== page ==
1. Attract The Right Traffic | By writing targeted blog posts, you can attract visitors who are interested in your recruitment services and more likely to become a future candidate or client.
  2. Increase Your Online Presence | A regular blog can increase the presence or “ranking” of your company website in search engines for relevant, industry related search terms.
  3. Demonstrate Expertise & Establish Authority | Writing high quality content can set you apart from your competitors, give an online brand image to your company and demonstrate your expertise within your sector.

What Should Recruitment Agencies Write About?

To achieve success with your blogs, you need to approach blog writing with a considered strategy. There’s no question that there is a place for your company news on your website, but this isn’t the content that will attract new visitors who are looking to benefit from your services. The blog posts that attract high quality visitors are, more often than not, providing a solution to a problem or answering a pertinent question. So it stands to reason that, if you can provide an accurate answer to the most frequently asked questions that your audience ask about recruitment, you will have a higher chance of ranking highly in Google for relevant searches and, therefore, attracting the right traffic.

For example, if a candidate is struggling with preparing for their first interview, they might be likely to use Google to search “How to prepare for your first interview”. By writing a blog entitled “The Complete Guide To Preparing For Your First Interview” you will have a much better chance of appearing in a search engine results page. The type of candidate who is qualified to get an interview and wants to do their best to prepare for it qualifies as a high quality visitor.

Best Practice Tips For An Effective Blog Post

  • Write A Targeted Headline | Within 4 to 9 words tell the reader what your blog is about. Consider using a trigger word such as “Inspiring” or “Essential” to grab your audience’s attention.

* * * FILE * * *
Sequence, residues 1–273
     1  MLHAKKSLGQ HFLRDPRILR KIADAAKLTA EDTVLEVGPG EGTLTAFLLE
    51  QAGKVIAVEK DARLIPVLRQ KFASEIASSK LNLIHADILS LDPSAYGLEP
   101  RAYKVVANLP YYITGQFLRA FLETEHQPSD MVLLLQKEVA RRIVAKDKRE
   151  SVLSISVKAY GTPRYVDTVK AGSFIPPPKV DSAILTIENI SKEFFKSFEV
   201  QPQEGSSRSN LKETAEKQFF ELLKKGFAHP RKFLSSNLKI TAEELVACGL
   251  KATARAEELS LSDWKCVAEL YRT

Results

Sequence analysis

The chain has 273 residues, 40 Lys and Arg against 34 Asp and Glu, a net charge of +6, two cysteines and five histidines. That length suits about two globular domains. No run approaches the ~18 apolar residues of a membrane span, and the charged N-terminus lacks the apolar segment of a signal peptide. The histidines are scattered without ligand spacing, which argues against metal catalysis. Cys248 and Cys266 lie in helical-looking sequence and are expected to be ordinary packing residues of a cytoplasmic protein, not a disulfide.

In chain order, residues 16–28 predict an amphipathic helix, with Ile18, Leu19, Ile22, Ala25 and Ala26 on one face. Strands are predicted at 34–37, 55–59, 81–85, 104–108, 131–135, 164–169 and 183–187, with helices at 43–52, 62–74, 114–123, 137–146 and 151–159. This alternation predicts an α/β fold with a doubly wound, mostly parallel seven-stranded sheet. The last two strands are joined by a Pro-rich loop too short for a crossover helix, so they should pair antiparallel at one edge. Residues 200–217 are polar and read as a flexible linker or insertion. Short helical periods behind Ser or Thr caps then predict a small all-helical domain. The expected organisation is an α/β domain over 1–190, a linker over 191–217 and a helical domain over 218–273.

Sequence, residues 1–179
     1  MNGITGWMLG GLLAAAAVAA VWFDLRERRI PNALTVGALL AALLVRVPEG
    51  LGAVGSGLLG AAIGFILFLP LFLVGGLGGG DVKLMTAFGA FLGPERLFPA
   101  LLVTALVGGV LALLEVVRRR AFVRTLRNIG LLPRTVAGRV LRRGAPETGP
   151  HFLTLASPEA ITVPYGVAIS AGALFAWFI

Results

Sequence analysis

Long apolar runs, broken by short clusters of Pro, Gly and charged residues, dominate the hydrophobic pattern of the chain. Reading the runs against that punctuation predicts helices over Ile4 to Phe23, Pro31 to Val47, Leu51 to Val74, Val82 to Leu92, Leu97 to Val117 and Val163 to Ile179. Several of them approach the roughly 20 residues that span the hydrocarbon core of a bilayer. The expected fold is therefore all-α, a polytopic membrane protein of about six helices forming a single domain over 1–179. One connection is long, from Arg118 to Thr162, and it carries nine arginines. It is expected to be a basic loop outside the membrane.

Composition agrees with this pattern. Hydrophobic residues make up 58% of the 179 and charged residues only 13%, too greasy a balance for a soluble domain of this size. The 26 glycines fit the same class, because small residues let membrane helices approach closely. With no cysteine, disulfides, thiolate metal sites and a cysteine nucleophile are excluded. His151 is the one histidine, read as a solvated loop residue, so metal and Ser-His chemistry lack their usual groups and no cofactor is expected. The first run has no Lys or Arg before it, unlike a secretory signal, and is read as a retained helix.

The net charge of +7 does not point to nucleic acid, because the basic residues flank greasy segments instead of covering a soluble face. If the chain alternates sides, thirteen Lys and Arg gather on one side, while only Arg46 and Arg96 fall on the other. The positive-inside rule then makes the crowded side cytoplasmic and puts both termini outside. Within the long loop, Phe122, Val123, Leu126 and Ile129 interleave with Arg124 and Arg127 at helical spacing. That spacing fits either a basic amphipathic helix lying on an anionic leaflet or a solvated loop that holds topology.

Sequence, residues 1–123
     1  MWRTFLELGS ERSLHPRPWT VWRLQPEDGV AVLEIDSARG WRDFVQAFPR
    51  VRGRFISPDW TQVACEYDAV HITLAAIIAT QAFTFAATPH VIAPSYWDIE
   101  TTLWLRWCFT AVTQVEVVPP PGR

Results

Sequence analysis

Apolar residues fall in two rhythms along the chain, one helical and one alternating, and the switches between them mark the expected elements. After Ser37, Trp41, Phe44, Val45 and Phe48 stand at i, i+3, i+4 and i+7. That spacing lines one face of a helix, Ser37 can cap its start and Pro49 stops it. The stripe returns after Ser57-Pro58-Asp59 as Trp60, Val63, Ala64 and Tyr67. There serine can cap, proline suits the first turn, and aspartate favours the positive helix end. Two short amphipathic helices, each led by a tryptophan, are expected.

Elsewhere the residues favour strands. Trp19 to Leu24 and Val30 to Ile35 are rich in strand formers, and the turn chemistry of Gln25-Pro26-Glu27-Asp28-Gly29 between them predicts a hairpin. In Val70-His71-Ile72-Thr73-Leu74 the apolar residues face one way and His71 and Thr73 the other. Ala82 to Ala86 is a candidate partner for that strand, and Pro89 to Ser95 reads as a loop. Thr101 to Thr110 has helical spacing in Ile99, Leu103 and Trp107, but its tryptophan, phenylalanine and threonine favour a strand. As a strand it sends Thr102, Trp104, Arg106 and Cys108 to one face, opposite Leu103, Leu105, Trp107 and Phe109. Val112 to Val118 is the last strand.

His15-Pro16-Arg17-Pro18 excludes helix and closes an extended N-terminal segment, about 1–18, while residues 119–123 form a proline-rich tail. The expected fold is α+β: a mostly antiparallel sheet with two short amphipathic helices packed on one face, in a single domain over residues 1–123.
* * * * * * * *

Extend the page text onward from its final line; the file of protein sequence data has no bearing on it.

• Choose One Topic | Focus on answering one question or solving one problem. This way, you can make your content targeted and send strong signals to Google about the meaning of the blog post.
  • TL;DR (Too Long;Didn’t Read) | Don’t make it War and Peace, people are as busy as you are, give them a clear and concise answer in 400 to 700 words.
  • Use Facts, Figures And Quotes | Facts and figures and quotes are a credible trust indicator and also increase the share ability of a blog post.
  • Keyword Rich | Don’t jeopardise the readability of your content but make sure to let Google know what the blog post is about by using your target keywords in the blog title and body of the text.
  • Include Images | Always include a main image for your blog post to tell the story visually. Images can also be added into your blog text to break up the text and make it more digestible.
  • Add Relevant Links | Include relevant links to fact, figures or other blog posts within your blog as it builds your credibility and provides additional information for the reader.

By knowing your audience, their goals and challenges and writing optimised blog posts that address these specific issues, your blogs can become a hotbed for high quality visitors who have the potential to turn into future clients or candidates.

Writing quality blog posts is the engine that drives inbound marketing but it is still only one aspect. Download our free guide below and learn all you need to know about inbound marketing for recruitment agencies.